The law of the ring
BRIDGEPORT — When Stamford Superior Court Judge Gary White sits on a case, it can take months from start to decision and sentencing, sometimes longer.
But for a dozen or so weekends a year, when he indulges his busman’s holiday avocation at amateur boxing matches all over the state, the former public defender turned no-nonsense judge’s decisions come almost as fast as the punches thrown by the fighters he is scoring.
On a recent Saturday night, the referee at Bridgeport’s Cardinal Shehan Center gym reached over the top rope after each round. White, seated ringside, would hand over his scorecard — a 10 to the winner of the frame, and a nine, eight or seven to his less effective adversary. At the end of each three-round bout the numbers were added up, from White’s slips as well as those from four other judges, and a winner declared.
“It is a shame that one fighter wins and one has to lose, because both of them show a lot of skill,” White said, sitting in a folding chair separated by a small table from a ring where punches could clearly be heard as they landed. “It is mano a mano, one guy displaying his skill, courage and employing strategy against another. I see all that in boxing and I applaud people who get into the ring because it takes a lot of guts.”
White, 65, has been judging boxing showcases as a volunteer for years. As a Jimi Hendrix-loving kid growing up in a religious home in Stamford, with a Harvard education directly ahead, White’s devotion to the Sweet Science was anything but a given. But coming up watching Cassius Clay morph into Muhammad Ali and other fighters like Joe Frazier got him hooked.
“It is stimulating to me because I am a student of boxing,” he said between rounds.
Years ago, ring judges counted blows. Not anymore, he explained. Now they watch for “effective blows” — those made with the weight of the boxer’s shoulder and body behind them. The difference is evident in the sound when they land.
“Pitty-pat punches don’t mean anything,” White said dismissively.
The bouts, which are a proving ground for Olympic hopefuls and professional boxers, are officiated by USA Boxing and involve kids as young as 10. The recent Bridgeport show, as the events are called, was hosted by Bridgeport’s Ortiz Boxing Gym.
The matches aren’t fights in the common sense. “The idea is not to knock the other fighter unconscious. The idea is to hit without being hit,” said White, adding that “effective aggression” is rewarded by points.
Skills learned behind the bench, which have allowed White to make some pretty complex and imaginative dispositions in a black robe, have served him well at ringside. Around the courthouse he is known as a down to earth jurist with tremendous knowledge of the law, who doesn’t blanch when it comes to dealing with those who don’t follow his directions or keep their word.
“I have to be objective, follow rules and don’t make decisions based on emotions,” he said. “If for some reason I have a liking for one fighter more than another, that can’t make any difference on how I score the fight.”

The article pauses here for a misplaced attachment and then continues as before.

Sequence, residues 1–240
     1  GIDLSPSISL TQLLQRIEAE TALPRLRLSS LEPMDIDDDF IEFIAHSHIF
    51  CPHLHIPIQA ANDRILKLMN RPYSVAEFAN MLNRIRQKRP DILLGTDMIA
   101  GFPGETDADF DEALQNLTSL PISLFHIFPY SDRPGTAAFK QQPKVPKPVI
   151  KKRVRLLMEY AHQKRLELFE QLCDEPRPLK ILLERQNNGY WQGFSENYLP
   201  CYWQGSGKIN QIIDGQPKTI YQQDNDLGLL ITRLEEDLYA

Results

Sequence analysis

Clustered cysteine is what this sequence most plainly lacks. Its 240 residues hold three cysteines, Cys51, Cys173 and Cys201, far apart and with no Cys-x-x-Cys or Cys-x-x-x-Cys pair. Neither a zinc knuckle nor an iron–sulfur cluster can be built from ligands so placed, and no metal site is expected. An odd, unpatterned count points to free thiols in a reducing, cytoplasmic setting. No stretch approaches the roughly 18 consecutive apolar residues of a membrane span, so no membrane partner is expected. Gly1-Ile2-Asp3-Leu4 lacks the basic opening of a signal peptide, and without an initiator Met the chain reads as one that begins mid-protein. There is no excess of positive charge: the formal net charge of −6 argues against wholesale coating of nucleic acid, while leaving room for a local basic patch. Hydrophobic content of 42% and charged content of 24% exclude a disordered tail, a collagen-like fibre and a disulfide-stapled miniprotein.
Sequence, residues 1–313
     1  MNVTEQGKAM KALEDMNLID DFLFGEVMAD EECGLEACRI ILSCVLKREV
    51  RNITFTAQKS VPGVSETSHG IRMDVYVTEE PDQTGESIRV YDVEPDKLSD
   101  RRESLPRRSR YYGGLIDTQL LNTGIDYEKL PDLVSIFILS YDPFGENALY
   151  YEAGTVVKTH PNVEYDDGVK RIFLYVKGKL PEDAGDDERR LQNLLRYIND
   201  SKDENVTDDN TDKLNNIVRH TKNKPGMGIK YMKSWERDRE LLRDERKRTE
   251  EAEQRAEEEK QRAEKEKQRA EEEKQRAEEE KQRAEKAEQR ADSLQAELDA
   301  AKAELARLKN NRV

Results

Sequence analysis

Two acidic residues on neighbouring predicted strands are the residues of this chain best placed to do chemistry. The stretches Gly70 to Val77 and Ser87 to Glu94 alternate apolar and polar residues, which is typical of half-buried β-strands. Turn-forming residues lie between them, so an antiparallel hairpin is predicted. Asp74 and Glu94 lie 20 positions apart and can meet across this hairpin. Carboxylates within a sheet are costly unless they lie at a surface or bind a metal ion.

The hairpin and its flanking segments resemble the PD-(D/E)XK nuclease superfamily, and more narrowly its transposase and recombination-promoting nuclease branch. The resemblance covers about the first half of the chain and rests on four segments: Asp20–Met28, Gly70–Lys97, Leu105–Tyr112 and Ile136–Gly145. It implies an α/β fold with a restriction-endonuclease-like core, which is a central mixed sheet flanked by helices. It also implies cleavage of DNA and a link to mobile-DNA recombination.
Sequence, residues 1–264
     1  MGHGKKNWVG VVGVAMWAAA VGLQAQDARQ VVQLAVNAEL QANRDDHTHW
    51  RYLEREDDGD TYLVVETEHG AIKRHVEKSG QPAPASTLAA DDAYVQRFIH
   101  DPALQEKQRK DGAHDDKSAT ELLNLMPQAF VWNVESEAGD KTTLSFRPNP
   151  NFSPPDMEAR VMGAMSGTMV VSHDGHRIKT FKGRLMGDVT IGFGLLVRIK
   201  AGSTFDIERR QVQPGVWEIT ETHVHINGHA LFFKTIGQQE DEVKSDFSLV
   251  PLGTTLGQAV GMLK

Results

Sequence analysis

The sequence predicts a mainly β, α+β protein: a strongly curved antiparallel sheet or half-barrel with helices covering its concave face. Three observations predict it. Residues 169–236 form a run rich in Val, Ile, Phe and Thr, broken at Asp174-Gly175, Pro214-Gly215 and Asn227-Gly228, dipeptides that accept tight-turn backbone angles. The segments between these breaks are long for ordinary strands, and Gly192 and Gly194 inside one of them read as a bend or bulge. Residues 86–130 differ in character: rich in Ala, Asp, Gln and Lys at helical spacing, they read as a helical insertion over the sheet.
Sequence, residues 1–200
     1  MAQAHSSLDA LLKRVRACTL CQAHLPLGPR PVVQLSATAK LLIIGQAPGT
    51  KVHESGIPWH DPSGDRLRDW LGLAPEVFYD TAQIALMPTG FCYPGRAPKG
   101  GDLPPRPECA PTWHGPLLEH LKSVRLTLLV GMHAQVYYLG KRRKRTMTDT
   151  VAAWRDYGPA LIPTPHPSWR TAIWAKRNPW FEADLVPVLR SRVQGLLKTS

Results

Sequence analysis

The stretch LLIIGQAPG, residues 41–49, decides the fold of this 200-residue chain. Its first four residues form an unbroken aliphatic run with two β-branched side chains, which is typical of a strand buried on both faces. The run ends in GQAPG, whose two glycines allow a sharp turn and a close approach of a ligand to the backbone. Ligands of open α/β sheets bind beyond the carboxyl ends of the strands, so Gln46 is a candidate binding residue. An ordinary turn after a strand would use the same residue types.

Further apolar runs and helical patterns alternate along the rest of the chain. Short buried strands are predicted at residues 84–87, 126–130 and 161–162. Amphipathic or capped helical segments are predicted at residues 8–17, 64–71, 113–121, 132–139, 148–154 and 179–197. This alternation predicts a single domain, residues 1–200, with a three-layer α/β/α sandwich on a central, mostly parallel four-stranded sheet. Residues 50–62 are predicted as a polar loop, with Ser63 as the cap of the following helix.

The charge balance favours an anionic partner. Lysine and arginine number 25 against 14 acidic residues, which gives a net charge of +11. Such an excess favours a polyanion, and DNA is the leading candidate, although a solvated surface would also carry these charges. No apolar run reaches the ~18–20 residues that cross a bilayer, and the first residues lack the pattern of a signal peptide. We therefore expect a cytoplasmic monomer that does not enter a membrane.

Chordal Booker, 27, now a professional boxer, appeared before White in the Stamford courthouse as a much younger man on drugs and weapons charges. He said White scared him about as much anyone he has faced in the ring and gave him the break he needed to rebuild his life. Their professional relationship, which later turned personal, is outlined in a 2016 documentary about Booker called “The Boxer.”
In attendance at the Bridgeport show, Booker said he appreciated White’s efforts supporting the sport.
“It shows what type of guy he is. I’m sure everybody here doesn’t know he is an actual judge. He still cares about the community,” Booker said. “He’s here. He’s doing something really positive. They don’t get paid for this. This is something they donate their time to.”
Chief of officials for the Bridgeport show, USA Boxing’s Lou Pontacoloni, said he did not know White was a real judge when he got started.
“I just knew him as a guy who liked boxing and wanted to be one of our officials,” Pontacoloni said. White, just like any other boxing judge, went through the training and took the tests to judge the matches, he said.
And he is good at it. “I have nothing but good things to say about Gary,” Pontacoloni said. “You look at the scores of the officials (judges) and that is how you tell they are good. He (White) gives the right score.”
Deputy Chief of Officials Jason Concepcion said he also appreciated White being there.
“He classes up the place, to be honest. He really does,” Concepcion said. “Gary wants the truth, the whole truth and nothing but the truth as a court judge. But we call the ring the squared circle of truth, because if you aren’t doing what you are supposed to, if you aren’t eating right or your aren’t exercising, that will show up when you take a body shot and the truth will come out every time.”
There’s a clarity to that truth that appeals to White, similar to the simple, clear reasons why he stays involved in boxing.
“I enjoy watching the fights,” he said. “I like the people who are involved.”